/ Shopping

Companies should make ‘less’ grammar mistakes

Grammar definition in dictionary

In a restaurant the first bite is with the eye. Well, I think that applies to other things as well. I am genuinely put off brands that use poor grammar in their adverts – but am I just being petty?

On my way into work earlier this week I spotted an advert that made me stop in my tracks. Virgin Active is proudly boasting, in a poster campaign all over tube stations, that their gyms have ‘more weights’ for ‘less pounds’.

How many pounds should a gym membership cost? Not being a gym-goer, I haven’t the foggiest idea. But being an irritating pedant, I know it’s definitely not ‘less’ than anything. It’s fewer.

Let’s have fewer mistakes

A few colleagues laughed at me in the office because I came in and had a rant about the ad. Some said it wasn’t important, others suggested it was a deliberate mistake. Which? Conversation’s Patrick thought it might be an issue of tone – they wanted to seem casual, so chose words that their audience might use in conversation.

If you’d like to see the ad, Twitter user @charlesarthur kindly tweeted a picture.

So was it a genuine mistake, or did they deliberately choose to use incorrect grammar because they thought it made a better ad? I asked Virgin Active on Twitter but I didn’t get a reply. Fair enough – it’s a pretty pedantic point.

Would bad grammar stop you buying?

Personally, I think good grammar is important if you want to show people that you’re a trusted brand. After all, I wouldn’t hire someone whose CV was littered with spelling and grammar mistakes, so why would I buy into a service that appears to be so slapdash as to not proofread its work?

I might be over exaggerating a tad. If something was a genuine, out-and-out bargain I probably wouldn’t refuse to buy it on the basis of my grammatical principles. But I don’t think it does a brand’s reputation any good to plaster their name right next to a grammatical error.

A while ago Patrick discussed poor spelling and grammar on websites. That’s something that also irritates me, but I don’t think it’s as serious. On a website you’re producing a huge amount of copy, and no matter how carefully you check it, mistakes are bound to slip through. What’s more, they can be easily and quickly corrected when you spot them.

But on a national advertising campaign which requires you to print up hundreds of posters, the least I’d expect is for companies to pay attention to their grammar. That way perhaps they’d make fewer mistakes. So what say you – am I being ridiculous? Or would bad grammar lead you to think less of a company too?

Is 'bored of' ever acceptable?

No - it should always be written 'bored with' (59%, 72 Votes)

Yes - 'bored of' is an acceptable use of English (25%, 31 Votes)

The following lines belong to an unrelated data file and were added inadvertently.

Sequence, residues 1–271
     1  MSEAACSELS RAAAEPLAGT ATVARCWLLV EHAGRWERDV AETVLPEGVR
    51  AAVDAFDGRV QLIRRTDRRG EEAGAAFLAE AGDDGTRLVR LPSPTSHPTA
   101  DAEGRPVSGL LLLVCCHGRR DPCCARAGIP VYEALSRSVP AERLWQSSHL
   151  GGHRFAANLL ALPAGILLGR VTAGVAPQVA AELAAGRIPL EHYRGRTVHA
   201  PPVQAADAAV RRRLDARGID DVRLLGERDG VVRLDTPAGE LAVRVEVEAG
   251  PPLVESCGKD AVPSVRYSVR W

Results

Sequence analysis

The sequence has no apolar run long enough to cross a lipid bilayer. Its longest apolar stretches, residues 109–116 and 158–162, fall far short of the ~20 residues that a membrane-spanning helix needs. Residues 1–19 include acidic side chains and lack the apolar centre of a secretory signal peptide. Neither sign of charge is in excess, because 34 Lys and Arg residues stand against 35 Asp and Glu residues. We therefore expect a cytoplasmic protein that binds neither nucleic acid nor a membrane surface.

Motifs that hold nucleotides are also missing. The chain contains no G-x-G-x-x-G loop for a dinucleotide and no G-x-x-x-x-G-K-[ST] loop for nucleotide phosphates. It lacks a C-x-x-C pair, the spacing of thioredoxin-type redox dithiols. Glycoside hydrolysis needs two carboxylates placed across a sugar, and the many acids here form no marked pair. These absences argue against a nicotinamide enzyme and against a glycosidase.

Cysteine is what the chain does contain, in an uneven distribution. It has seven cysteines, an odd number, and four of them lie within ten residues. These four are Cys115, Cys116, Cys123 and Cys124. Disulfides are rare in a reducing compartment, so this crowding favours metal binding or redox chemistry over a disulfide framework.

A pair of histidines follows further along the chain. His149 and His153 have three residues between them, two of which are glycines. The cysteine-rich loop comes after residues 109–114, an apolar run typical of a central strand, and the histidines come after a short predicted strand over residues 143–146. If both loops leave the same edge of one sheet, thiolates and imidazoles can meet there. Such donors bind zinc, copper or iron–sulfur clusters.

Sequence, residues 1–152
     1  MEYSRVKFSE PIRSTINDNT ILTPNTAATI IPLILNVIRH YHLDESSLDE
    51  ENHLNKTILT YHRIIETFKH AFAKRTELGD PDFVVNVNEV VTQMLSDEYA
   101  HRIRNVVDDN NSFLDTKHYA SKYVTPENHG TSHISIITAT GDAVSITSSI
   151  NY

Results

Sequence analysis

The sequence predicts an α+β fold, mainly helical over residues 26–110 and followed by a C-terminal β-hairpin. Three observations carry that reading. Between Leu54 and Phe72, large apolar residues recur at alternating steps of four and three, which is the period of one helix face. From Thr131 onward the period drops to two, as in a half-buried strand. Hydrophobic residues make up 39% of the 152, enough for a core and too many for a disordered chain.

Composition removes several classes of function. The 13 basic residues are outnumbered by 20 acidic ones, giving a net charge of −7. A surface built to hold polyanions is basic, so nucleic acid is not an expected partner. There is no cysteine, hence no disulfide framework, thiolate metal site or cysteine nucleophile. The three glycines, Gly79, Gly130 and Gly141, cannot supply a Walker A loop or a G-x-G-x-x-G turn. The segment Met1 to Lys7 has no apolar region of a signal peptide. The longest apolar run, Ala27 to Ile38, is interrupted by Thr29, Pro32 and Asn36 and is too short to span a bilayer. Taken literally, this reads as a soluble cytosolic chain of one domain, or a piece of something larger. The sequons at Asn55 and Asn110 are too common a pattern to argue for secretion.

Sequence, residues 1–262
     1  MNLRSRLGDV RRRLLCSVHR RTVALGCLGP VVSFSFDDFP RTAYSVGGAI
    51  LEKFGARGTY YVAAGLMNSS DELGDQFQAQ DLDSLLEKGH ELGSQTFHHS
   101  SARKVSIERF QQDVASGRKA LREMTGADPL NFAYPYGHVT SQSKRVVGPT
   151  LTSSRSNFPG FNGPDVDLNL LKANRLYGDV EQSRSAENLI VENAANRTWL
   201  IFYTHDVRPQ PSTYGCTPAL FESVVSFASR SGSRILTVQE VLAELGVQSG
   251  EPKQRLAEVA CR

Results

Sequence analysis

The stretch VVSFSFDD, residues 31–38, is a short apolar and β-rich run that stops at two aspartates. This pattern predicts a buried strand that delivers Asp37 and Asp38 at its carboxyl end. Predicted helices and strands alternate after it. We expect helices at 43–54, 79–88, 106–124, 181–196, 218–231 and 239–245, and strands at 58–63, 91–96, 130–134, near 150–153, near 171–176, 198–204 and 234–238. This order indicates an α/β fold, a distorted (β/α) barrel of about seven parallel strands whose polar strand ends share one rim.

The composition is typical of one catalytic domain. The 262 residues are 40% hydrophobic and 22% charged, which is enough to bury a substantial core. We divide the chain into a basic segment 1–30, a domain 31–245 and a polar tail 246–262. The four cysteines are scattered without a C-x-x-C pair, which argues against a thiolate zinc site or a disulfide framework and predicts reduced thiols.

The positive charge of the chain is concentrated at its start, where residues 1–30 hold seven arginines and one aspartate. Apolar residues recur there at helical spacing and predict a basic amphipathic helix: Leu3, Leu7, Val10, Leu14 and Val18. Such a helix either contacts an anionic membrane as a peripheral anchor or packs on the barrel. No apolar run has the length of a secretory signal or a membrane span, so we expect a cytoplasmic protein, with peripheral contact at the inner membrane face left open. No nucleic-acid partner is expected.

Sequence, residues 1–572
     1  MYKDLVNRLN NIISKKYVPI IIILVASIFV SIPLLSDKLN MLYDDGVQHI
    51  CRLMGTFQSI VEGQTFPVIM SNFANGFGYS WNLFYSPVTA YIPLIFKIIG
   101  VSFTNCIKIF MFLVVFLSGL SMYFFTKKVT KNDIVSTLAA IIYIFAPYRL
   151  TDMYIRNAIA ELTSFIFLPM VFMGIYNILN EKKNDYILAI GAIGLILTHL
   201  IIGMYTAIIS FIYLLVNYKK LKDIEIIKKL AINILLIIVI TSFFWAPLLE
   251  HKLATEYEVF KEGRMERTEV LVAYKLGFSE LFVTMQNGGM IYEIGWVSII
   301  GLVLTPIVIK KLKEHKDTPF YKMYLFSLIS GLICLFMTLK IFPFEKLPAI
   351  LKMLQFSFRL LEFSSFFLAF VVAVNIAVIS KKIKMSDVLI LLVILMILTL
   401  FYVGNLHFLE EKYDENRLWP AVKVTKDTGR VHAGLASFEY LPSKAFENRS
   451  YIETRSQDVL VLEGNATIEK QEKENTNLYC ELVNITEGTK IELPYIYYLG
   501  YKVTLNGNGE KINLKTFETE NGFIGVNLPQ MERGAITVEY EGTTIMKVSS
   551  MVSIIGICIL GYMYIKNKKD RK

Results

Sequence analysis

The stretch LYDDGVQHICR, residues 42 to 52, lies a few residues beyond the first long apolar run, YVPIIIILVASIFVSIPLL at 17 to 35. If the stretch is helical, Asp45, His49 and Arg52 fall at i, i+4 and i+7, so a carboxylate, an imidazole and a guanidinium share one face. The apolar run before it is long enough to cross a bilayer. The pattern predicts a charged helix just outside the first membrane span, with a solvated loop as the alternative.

Maybe - it depends on the context (16%, 20 Votes)

Total Voters: 124

Loading ... Loading ...
Comments
Carol says:
8 January 2012

Oh, don’t get me started!! I am the bane of my friends’ lives as I notice, and invariably comment on, incorrect spelling and grammar. My pet hate is also ‘I was sat’, along with ‘you was’ – heard uttered recently by a teacher with an English degree. At our local gym, a well-known national brand, there is an advertisement offering free enrolment to members’ friends. It reads, ‘Join a friend for free’. The same gym was recently offering ‘Sweedish massage’. I love the English language and it pains me when I see or hear it used incorrectly. I am proud to be a pedant! Must go – I want to ‘pre-order’ some items from the internet….

I once had to correct someone in her blog as to wrong use of counsel
which term applies equally whether singular, plural or collectively… but
she herself really ought to know better as having both an Oxford English
degree AND being in the legal profession, of quite some seniority
and certainly no spring chicken.

Dear Fellow Pedant (Carol),

It is the Internet, with a capital letter. It is also incorrect to use a double exclamation mark.

Phil says:
9 January 2012

I think that the tide has already turned in education and good grammar is once again regarded as reasonably important. It will take a long time to filter through but change is coming.
After the recent TV adaptation of Great Expectations, I’ve been reading the book again. The grammar and English is faultless but horribly ponderous to modern people. We don’t either write or speak like that now.
As others have noted, if only children could understand that there is texting, with its financially necessary abbreviation; there is talking informally with friends, with slang and dialect and there is good written and spoken English which will enable you to communicate clearly, then all would be well.

I hope you are right about education, and it would help if numeracy was improved too. I completely agree about old English and this has put me off reading the classics.

What amazes me is that those with good writing skills often forget to indent or separate paragraphs. 🙂